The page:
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IT Risk Assessment

WHY WE DO IT

While you know that best practice is to perform a penetration test every year; a sanctioned, simulated, real-world attack on your network to identify the state of your IT security posture, what about an IT risk assessment?

 

How do you know what to protect if you (a) don’t know where it is and (b) don’t know what it is? How do you know where to place the endpoint and network security controls? What are your highest risk assets? Is it economical to try and protect the entire network and all of its systems or just the ones where you know store the “crown jewels?” Wouldn’t that be a lot like trying to boil the ocean?

 

The fact of the matter is, you don’t know what you don’t know, and what you don’t know is if the data (your crown jewels) is only where it’s supposed to be, such as the NetApp servers or file shares, or if it has been copied to different systems and other shared folders. It also wouldn’t be economical to consider every asset in the network to be a high risk asset that needs protection. Would you for example secure your workstations the same way you’d secure your NAS containing all the sensitive data? What about DLP, where should that go and should you use endpoint security controls or network security controls?

 

What are your assets? Is it being maintained and updated in real-time by an automated asset management solution or is it manual? Do you even have an asset register? If so, which are your highest risk assets and who owns them? What are the most likely threats to your organization, the most likely vulnerabilities to be exploited, and the potential impact? Is it also feasible to attempt to treat every risk or just the ones unacceptable to the business? How do you know which risks are unacceptable?

WHAT WE DO

All of these questions are answered in an IT risk assessment. Simply put, an IT risk assessment is the identification of vulnerabilities and threats to your information assets used by your business to achieve your objectives and decide what countermeasures, if any, to take in reducing risks to an acceptable level a la an IT risk assessment and risk treatment.

 

The resulting output from an IT risk assessment is an asset register containing a list of assets, their owners, and a respective score based on the criticality of that asset to the business. A risk assessment table containing the risk score for each asset class will also be produced along with an IT risk treatment plan. This ultimately will be the result of both an asset-based and scenario-based risk assessment.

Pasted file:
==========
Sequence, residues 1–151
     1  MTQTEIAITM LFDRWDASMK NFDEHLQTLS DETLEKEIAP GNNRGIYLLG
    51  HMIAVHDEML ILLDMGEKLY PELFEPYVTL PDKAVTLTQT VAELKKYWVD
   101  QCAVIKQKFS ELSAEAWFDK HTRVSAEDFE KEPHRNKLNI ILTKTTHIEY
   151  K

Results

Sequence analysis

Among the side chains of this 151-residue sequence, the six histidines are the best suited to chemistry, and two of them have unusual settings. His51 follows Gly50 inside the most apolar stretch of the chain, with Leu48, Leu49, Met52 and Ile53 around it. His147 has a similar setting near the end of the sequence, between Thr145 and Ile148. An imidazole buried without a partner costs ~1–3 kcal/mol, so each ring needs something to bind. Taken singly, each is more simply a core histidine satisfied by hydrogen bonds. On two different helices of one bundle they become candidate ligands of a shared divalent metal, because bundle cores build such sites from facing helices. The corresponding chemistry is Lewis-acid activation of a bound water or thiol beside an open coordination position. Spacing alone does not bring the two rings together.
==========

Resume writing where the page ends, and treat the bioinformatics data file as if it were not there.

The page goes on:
HOW WE DO IT

To accomplish this, we will first determine the scope of your information security management system (ISMS), a set of policies and procedures for systematically managing an organization’s sensitive data. What is the physical scope and logical scope of your ISMS, meaning, what physical locations and IT systems are responsible for processing, transmitting, and storing your company’s “crown jewels” or sensitive data. Once these assets have been identified in their respective departments, we will identify each asset’s owner and document these into an asset register where the assets will be scored based on the impact to the business each asset would have if confidentiality, integrity, or availability of the asset was adversely impacted by an event.

 

The threats and vulnerabilities that each asset class is affected by will be calculated and ultimately will drive the overall risk score to each asset class. Once the threat-vulnerability pairs are identified, a final score will be generated for each asset class that is correlated to the maximum risk tolerance of the business. Any asset class with a score higher than this tolerance will be carried over into a risk treatment plan with prescribed steps on how to treat the risk of that asset class to an acceptable level to the business.

 

If an IT risk assessment and risk treatment procedure doesn’t exist, we will create one based on Brier & Thorn’s methodology, which is rooted in the ISO 27005 standard. While our methodology is based on ISO, we can use other risk assessment frameworks, such OCTAVE and NIST. IT risk assessments are not a “one size fits all” and no matter what model is chosen, should be documented so the risk assessment can be “rinsed and reused” every year. The business should take steps to make sure it’s performed the same way, every time, so the results are generated the same exact way each time a risk assessment is performed for accurately tracking risk management efforts to the business and so the risk over time can be accurately measured as risk treatment plans are put into place.

OUR CAPABILITIES

  1. IT Risk Assessment according to ISO 27005, OCTAVE, HEAVENS, or any other risk assessment methodology used by your business

  2. Development of an IT Risk Assessment and Risk Treatment Policy and Procedure

  3. Asset-based Risk Assessment

  4. Scenario-based Risk Assessment